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5 Geniuses with Serious Procrastination Problems

Have trouble making yourself begin a project? Don't worry: you're in brilliant company.

Library of Congress

Wolfgang Amadeus Mozart

Mozart wrote the overture for Don Giovanni in a single night—the night before the opera’s debut. The reason was simple enough: 
He was Mozart. The 31-year-old 
virtuoso could ostensibly compose entire symphonies in his mind—
often while playing billiards—and 
at times he didn’t put pen to paper until he’d completed the entire piece in his head first. At Don Giovanni’s premiere, the ink on the overture’s sheet music was still wet from its last-minute copying, and there was no time for rehearsal. “Some notes fell under the stands,” Mozart said later, “but it went well.”

Franz Kafka

Kafka had a day job as an insurance clerk that 
provided the gloomy novelist plenty of time for existential brooding but little time to translate that brooding to fiction. However, when Kafka was promoted to a position that let him clock out at 2 p.m., procrastination became his new prison. In a letter to his fiancée, Kafka describes a typical day after work: “Lunch till 3:30 … sleep until 7:30 … ten minutes of exercises, naked at the open window … an hour’s walk … then dinner with my family.” When did the writing finally begin? Not until 11 p.m., sometimes continuing well up to 6 a.m. the next morning. Admittedly, not the best system: Kafka died at age 40, leaving many unfinished works behind.

Frank Lloyd Wright

Wright 
created his most famous structure at age 68—in about two hours. In 1934, Pittsburgh department 
store magnate Edgar Kaufmann Sr. hired Wright to design a retreat around the waterfalls of his forested Pennsylvania property. Wright visited the site and assured Kaufmann he had big plans. In truth, he hadn’t drawn a thing. Weeks became months, and on a Sunday morning, September 22, 1935, Kaufmann spontaneously decided to visit Wright’s studio and check his progress. He would arrive before lunch, Kaufmann explained over the phone, and was very excited to see the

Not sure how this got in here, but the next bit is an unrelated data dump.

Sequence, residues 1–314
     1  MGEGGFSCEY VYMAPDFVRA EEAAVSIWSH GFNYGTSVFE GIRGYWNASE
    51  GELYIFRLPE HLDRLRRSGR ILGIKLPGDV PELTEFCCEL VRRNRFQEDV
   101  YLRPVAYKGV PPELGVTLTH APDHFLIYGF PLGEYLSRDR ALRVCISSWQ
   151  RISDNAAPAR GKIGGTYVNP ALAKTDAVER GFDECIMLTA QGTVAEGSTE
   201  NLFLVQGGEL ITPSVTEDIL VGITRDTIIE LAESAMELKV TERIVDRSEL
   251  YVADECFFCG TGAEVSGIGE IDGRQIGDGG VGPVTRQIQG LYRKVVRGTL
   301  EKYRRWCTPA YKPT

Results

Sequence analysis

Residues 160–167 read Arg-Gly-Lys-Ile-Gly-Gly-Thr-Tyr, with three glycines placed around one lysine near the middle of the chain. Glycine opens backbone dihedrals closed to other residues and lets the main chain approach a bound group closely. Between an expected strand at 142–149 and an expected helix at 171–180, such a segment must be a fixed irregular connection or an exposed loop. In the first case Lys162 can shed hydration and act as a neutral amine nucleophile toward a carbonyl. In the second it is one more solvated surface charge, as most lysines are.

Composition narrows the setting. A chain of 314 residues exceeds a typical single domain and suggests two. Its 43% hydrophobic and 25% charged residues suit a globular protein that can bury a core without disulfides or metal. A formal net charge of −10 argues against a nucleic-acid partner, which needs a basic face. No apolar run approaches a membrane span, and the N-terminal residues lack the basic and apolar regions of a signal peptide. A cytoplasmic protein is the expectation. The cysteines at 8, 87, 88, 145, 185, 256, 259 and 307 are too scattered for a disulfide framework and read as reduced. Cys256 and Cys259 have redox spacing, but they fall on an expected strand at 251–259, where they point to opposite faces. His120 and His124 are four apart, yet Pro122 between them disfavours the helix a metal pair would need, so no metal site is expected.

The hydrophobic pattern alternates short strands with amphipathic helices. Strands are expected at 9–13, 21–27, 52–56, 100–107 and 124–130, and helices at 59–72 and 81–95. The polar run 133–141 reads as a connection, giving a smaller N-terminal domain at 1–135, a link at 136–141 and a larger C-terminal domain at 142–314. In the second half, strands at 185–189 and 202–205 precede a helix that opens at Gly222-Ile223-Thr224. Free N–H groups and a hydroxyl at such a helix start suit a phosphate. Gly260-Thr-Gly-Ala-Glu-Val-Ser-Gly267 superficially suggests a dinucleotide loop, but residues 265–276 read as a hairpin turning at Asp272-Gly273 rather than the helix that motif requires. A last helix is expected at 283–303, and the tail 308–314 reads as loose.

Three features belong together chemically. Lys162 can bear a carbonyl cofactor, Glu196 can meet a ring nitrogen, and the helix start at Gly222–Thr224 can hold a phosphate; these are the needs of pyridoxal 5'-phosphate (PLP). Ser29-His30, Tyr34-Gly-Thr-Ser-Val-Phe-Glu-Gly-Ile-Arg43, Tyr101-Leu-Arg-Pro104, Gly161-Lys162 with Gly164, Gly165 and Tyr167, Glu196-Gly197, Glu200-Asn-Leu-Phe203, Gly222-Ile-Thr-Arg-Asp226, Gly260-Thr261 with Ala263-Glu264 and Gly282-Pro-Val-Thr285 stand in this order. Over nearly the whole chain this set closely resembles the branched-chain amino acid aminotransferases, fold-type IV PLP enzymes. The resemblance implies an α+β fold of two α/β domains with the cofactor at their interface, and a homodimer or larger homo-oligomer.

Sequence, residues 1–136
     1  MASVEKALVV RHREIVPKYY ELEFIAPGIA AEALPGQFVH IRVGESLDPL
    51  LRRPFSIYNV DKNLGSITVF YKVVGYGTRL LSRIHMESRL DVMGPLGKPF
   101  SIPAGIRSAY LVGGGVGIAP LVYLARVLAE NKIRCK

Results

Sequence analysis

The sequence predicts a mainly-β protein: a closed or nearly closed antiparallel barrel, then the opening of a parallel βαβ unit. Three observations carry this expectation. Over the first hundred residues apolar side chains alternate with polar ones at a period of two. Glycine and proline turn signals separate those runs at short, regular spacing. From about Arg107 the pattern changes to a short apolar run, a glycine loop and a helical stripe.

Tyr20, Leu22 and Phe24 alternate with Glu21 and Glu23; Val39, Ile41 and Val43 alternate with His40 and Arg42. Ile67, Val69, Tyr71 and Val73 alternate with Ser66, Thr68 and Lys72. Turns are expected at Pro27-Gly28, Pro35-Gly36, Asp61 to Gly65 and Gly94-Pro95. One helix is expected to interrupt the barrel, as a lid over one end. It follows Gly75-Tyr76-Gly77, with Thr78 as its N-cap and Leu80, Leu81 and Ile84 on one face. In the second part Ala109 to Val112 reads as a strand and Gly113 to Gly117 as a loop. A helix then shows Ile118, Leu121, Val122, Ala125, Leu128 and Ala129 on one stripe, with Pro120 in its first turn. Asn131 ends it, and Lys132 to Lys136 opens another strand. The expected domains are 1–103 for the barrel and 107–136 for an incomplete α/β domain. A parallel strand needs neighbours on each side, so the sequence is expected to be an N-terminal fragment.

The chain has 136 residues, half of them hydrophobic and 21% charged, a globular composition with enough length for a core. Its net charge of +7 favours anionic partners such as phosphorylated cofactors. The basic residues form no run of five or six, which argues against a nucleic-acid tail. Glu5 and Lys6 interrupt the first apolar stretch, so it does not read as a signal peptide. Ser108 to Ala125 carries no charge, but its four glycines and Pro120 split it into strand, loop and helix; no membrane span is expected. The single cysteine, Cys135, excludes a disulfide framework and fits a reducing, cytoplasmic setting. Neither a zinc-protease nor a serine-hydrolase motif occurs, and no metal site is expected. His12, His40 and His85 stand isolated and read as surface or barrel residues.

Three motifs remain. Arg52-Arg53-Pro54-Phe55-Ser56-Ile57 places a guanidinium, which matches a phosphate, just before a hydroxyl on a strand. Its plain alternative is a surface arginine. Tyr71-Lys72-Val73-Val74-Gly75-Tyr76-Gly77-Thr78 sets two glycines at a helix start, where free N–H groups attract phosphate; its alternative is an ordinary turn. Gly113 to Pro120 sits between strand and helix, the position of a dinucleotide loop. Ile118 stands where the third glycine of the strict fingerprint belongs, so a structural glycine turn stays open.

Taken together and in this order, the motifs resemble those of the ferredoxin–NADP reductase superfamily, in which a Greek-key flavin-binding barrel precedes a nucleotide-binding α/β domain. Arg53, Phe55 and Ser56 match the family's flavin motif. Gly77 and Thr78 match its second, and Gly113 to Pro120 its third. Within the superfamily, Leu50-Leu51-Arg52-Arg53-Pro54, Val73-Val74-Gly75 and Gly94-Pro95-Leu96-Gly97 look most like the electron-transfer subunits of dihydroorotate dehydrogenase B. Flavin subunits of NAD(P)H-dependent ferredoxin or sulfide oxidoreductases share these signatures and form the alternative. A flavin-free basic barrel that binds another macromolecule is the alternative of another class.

designs. With nervous apprentices watching and Kaufmann hours from his door, Wright finished breakfast, then drew up the plans for what 
became Fallingwater—an icon of modern design and a National 
Historic Landmark.

Hunter S. Thompson

Thompson was hired by Scanlan’s Monthly to cover the Kentucky 
Derby in 1970. From securing his press pass to meeting illustrator Ralph Steadman to actually writing the story, Thompson was chronically behind schedule. With the deadline looming and a Scanlan’s courier 
literally waiting at his hotel door, Thompson began ripping pages of verbatim notes from his notepad 
and shuttling them off to the press. He was sure this incoherent, slapdash piece would be the death of 
his career. He was wrong; “The 
Kentucky Derby Is Decadent and Depraved” won Thompson rave 
reviews, and his manic, first-person style spawned a reporting movement.

Victor Hugo

Hugo began writing The Hunchback of Notre 
Dame in the fall of 1830, against the brutal deadline of February 1831. 
He bought an entire bottle of ink in preparation but sincerely did not 
feel like writing. So he did what any sane man would do: He got naked. Locking away his clothes to avoid the temptation of going outside, Hugo was left with nothing to wear but a large gray shawl. According to his wife (the poor woman), this knitted, toe-length rag served as his uniform for many months. It worked; using up all his ink, Hugo finished the book weeks before deadline. He even considered titling it What Came Out of a Bottle of Ink … squandering 
the opportunity to turn in a literary classic called What Came Out of My Dirty Gray Jammies.

Originally Published in Reader's Digest